John. By John Calvin. The Crossway Classic Commentaries. Alister McGrath and J. I. Packer, Series Editors. Wheaton: Crossway Books, 1994. 473 pp. Paper, $13.99.
This commentary was originally published in 1553, over 450 years ago. In his introduction, series editor J. I. Packer says, “This commentary is one of Calvin’s best pieces of work, and one of the best elucidations of the evangelist’s text ever achieved (p. x).
Overall I find this to be a very helpful commentary. While it is handicapped by missing out on nearly four and a half centuries of study on the fourth Gospel, it is very insightful and well worth having.
Unfortunately, the commentary is based on the NIV. Since Calvin wrote before even the KJV appeared, portions of the NIV text quite often seem out of place with his comments.
Calvin’s comments on Jesus’ evangelistic encounter with the woman at the well are excellent. He points out that when the woman left her water pot (4:28), this is John’s way of saying that she believed in Christ (p. 106). While many modern commentators come to the same conclusion, Calvin drew his conclusion without their help. (Maybe the moderns are dependent on Calvin!) In addition, Calvin takes this opportunity to speak of the zeal for evangelism she obviously manifested. He uses that to call all of his readers to share their faith as well.
Calvin shows that Jesus pointed out the woman’s sinfulness and led her to see her need of salvation. Yet he does not, as some have tried to do today, suggest that Jesus asked her to give up her sinful behavior to gain eternal life.
His comments on John 10:10b are outstanding, and a bit enigmatic concerning the increase of the Spirit: “The greater progress anyone makes in faith, the closer he comes to fullness of life, because the Spirit, who is life, increases in him” (p. 256).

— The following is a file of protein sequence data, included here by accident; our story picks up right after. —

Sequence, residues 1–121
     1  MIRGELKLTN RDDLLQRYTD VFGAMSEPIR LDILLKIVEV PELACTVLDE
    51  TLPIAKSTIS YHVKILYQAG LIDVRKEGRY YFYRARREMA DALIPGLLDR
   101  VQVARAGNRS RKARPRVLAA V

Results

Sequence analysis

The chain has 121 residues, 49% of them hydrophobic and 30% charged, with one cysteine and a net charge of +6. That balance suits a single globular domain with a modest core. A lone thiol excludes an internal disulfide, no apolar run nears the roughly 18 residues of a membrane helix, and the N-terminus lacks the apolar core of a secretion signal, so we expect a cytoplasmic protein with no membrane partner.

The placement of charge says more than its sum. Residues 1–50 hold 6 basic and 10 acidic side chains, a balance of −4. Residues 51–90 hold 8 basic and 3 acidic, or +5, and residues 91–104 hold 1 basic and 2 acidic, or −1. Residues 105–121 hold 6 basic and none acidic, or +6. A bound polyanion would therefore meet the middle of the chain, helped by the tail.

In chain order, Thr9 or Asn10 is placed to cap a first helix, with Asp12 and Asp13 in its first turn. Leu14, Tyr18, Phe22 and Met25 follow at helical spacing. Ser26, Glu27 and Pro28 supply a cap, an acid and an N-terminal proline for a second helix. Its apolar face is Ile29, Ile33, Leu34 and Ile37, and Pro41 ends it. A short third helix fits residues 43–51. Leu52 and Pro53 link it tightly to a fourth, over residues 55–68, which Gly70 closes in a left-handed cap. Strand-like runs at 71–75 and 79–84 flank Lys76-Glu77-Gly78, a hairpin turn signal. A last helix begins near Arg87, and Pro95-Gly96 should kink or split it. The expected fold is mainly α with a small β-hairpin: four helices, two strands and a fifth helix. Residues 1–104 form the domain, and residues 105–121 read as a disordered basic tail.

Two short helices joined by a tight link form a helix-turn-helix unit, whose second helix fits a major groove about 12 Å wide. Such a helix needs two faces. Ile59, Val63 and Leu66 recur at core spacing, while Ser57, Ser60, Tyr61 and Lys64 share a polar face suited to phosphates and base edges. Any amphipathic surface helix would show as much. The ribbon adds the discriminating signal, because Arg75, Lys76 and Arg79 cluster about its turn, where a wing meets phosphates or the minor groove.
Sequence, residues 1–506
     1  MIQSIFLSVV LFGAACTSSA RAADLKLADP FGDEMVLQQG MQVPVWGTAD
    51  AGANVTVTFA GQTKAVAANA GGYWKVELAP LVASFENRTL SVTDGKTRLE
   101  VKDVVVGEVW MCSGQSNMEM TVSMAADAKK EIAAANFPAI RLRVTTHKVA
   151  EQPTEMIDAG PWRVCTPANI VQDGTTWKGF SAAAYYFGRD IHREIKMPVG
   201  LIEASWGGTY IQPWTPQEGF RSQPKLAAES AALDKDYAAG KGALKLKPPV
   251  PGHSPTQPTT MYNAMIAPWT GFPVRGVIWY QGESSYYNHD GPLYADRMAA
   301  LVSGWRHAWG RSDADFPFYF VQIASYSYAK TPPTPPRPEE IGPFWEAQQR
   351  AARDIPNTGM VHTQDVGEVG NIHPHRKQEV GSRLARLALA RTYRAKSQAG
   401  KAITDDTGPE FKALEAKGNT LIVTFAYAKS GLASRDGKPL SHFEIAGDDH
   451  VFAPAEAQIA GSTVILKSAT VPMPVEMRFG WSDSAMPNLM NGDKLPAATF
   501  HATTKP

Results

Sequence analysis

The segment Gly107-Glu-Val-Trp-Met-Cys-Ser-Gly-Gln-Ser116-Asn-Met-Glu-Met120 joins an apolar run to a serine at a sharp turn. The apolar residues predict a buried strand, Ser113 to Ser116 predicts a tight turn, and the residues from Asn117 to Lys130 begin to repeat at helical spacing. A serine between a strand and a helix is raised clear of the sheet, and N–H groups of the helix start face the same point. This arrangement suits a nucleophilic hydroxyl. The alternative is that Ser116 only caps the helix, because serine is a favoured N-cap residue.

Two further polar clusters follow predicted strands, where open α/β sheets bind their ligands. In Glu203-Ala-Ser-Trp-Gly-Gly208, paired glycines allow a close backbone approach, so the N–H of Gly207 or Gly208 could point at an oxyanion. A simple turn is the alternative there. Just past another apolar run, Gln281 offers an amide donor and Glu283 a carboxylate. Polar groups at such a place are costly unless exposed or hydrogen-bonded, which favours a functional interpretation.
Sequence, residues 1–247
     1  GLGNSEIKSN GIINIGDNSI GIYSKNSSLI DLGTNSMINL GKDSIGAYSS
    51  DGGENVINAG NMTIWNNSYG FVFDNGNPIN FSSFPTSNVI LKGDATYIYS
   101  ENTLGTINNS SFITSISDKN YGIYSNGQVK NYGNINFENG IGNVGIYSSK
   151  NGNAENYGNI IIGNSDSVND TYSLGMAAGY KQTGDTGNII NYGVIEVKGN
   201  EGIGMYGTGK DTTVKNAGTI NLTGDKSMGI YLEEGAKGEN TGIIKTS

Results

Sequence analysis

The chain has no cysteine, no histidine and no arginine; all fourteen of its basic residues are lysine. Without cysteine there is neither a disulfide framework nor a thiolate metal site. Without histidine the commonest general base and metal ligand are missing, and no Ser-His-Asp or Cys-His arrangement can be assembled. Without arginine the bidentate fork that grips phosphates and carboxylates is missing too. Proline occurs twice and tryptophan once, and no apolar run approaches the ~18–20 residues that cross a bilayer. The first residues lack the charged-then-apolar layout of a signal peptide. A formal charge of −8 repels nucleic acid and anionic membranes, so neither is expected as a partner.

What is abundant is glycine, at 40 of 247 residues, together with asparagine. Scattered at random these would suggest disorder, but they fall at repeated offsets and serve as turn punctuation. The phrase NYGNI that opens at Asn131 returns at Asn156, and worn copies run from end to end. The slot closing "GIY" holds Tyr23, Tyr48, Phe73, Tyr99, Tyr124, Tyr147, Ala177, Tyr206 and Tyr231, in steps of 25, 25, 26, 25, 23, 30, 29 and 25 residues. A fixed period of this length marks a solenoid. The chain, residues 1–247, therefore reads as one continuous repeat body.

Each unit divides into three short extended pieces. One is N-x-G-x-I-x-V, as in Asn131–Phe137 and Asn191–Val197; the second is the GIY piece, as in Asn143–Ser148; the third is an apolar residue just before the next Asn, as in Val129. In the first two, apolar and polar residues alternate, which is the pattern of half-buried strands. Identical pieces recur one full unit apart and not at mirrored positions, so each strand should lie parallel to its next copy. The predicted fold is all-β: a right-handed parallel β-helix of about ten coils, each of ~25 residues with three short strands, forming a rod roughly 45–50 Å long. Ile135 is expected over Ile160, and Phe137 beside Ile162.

Also excellent are his comments on John 1:29; 3:36; 6:27-29; and 21:15-19.
I looked with interest at his comments on three problem texts on saving faith: John 2:23-25, 8:30-32ff., and 12:42-43. In all three cases I had mixed feelings. I was sorry to see that he concluded in each case that the faith in view was less than saving faith. However, I was happy in that he concluded that the faith was real faith. He simply felt in each case that the faith in question was faith in some aspect of Jesus (such as His being a prophet) and not in Christ as one’s sole Savior from sin.
I was encouraged to see that even in places like these where I disagreed with Calvin, his tone was gracious, and, while he obviously held his views with conviction, there wasn’t the sharp edge on his writing that is found in much modern Reformed writing, and also in some of Calvin’s other works (he’s vicious against Anabaptists and papists!)
I think that many would be quite surprised if Calvin were alive today. I believe many modern Calvinists would be surprised to see him come down on the Free Grace side of the Gospel debate. If he had the advantage of the modern discussion of these issues by men like Chafer, Ryrie, and Hodges, I think Calvin might be a full-fledged member of GES!
Robert N. Wilkin
Journal of the Grace Evangelical Society